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Throwback Thursday: Saying goodbye to the home of the Red Wings

Back in 1980, THN paid tribute to the historic home of the Detroit Red Wings as they prepared to open a brand new arena.

Welcome back to Throwback Thursday, where we comb the THN archives to bring you something from our past.

This week in honor of Joe Louis Arena closing this weekend, a look back at when they said goodbye to their previous home -- the Detroit Olympia.

'Olympia provided untold thrills, memories'

Janary 4, 1980

By Vartan Kupelian

Ah, the memories of Olympia…

Tony Leswick came over the boards for his first overtime shift and seconds later at 4:29 scored the winning goal in Detroit’s 2-1 Stanley Cup clinching victory over Montreal.

“I just came on the ice,” said Touch Tony, reliving the moment. “The puck rebounded off the boards behind the goal – the boards of Olympia, they were always so lively – and out to the blueline. I just moved in and let it go from about 30 feet. That was it. Next thing you know, I’m mauled by the players.”

The date was April 16, 1954.

There are so many memories of Olympia, now the “former” home of the Red Wings. The Wings will debut in their new home, the 19,500-seat Joe Louis, on Dec. 27 against the St. Louis Blues.

“It was a thrill the first time I ever saw the building, even to see the marquis, when I first came in for training camp in 1937,” said Black Jack Stewart, the Hockey Hall of Fame defenseman who played for the Red Wings in the 1930s and 1940s.

“Just to see the building… the Red Wings had just won two Stanley Cups. I was 19 and was trying out. Marty Barry, Aurie, Lewis, Ebbie Goodfellow. Normie Smith was the goalie. I’ll be sorry to see it go. It was a landmark, it will be missed."

Lincoln Cavalieri, general manager of Olympia, said “nothing’s definite” concerning Olympia’s future, if indeed, it does have a future.

“We’ve been so busy with other things that we haven’t done anything yet,” Cavalieri said. “We have the responsibility, not the city, of disposing of this building.”

Cavalieri said he is continuing discussions with people interested in buying the building.

“It was always nice to go in there (Olympia) when they put up the pictures of the players in the corridors,” said Leswick, who lives in New Westminster, British Colombia. “I just enjoyed going into the building. There were an awful lot of things about it… I lived across the street there. I loved Detroit. The people were always so nice. It’s the best place you can play.”

Metro Prystai, who scored the winning goal in the 1952 Stanley Cup finals, shared the sentiments. Prystai had the game’s first and third scores in a 3-0 victory, again over Montreal.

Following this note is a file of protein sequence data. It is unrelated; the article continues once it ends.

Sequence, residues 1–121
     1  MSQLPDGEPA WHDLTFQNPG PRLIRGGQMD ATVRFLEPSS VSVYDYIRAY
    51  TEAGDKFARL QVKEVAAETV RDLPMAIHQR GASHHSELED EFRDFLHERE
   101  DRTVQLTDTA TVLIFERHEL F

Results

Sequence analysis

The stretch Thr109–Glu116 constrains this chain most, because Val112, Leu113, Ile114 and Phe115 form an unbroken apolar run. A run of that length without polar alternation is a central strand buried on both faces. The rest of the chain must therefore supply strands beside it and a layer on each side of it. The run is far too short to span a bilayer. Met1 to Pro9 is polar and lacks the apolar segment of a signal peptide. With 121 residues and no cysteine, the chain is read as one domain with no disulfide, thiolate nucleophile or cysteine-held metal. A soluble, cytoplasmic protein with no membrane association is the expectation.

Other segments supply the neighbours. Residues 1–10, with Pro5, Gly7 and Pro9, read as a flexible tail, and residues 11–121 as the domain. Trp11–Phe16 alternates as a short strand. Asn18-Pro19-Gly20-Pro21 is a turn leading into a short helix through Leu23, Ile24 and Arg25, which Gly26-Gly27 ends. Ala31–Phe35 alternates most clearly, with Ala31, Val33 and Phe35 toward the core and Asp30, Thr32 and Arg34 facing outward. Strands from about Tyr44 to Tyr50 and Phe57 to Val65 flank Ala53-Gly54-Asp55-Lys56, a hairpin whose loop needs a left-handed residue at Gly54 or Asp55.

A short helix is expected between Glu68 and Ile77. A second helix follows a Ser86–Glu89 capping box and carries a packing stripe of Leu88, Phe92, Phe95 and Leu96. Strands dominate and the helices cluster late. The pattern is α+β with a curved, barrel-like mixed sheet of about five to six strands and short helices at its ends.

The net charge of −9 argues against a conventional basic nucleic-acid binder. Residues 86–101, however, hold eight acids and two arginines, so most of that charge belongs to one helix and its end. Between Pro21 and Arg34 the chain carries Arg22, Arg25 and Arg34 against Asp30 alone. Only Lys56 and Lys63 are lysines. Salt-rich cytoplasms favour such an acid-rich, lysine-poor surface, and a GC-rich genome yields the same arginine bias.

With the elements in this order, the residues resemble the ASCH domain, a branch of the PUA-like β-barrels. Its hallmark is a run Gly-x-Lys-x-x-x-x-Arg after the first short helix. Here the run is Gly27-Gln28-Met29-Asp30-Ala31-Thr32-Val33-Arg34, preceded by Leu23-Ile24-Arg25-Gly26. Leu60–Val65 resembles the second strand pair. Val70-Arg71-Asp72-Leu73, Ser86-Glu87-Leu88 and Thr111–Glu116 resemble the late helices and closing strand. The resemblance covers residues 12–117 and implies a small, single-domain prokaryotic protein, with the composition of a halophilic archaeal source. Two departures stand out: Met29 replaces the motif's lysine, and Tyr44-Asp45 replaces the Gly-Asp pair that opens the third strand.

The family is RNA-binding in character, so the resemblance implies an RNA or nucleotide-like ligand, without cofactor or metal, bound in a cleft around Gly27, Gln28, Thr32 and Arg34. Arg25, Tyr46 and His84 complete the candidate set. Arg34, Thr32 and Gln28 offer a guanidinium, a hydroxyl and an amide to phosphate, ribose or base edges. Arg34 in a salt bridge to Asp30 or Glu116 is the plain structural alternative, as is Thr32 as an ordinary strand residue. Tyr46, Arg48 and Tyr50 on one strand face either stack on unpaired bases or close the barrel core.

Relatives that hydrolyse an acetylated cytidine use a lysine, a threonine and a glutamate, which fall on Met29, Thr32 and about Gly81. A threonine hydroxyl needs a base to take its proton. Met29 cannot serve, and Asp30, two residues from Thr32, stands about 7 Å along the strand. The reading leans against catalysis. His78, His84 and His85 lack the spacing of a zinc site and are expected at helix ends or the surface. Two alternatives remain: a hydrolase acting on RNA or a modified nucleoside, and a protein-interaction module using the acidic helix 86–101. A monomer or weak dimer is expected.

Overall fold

“What I remember was the third goal,” said Prystai, who is an insurance agent in Wynyard, Saskatchewan. “It was 2-0 in the third period and the Canadiens were really pressing. Doug Harvey took a shot. I blocked it and went after it like a rabbit.

Ptrystai caught up with the puck and scored.

“The other thing I remember is Leswick’s goal, because we weren’t supposed to win the Cup that year,” Prystai said. “Montreal had a real power. It was the year the Canadiens wouldn’t shake hands with us afterward and there was a hullaballoo.”

“The thing I’ll always remember – even when I played against the Wings – was the ice at Olympia. It was the best ice in the league and the boards were very lively.”

John Zeigler, president of the National Hockey League, is a native Detroiter. He grew up like a lot of other young boys in the city – as a hockey fan.

“The first game I ever attended, I was in awe to come in and see the ice,” Zeigler said. “First time I was ever in an indoor arena. I was about 12, 13 years old, very impressionable. Those were the days of Abel, Lindsay, and Howe.”

“I think the various milestones of Gordie’s (Howe) were highlights. I always remember those ovations. I go back to his 300th, 400th, 500th, those kinds of things. The night he beat Rocket Richard with his 545th… It was like you scored with him.”

Cavalieri said there was some uneasiness on the eve of the last game at the Olympia.

“Everybody really feels a little nostalgia right now,” he said. “It’s a not going to be a very happy day for me. This is a helluva building that we’ve been in for a long time and many exciting things have happened here.“



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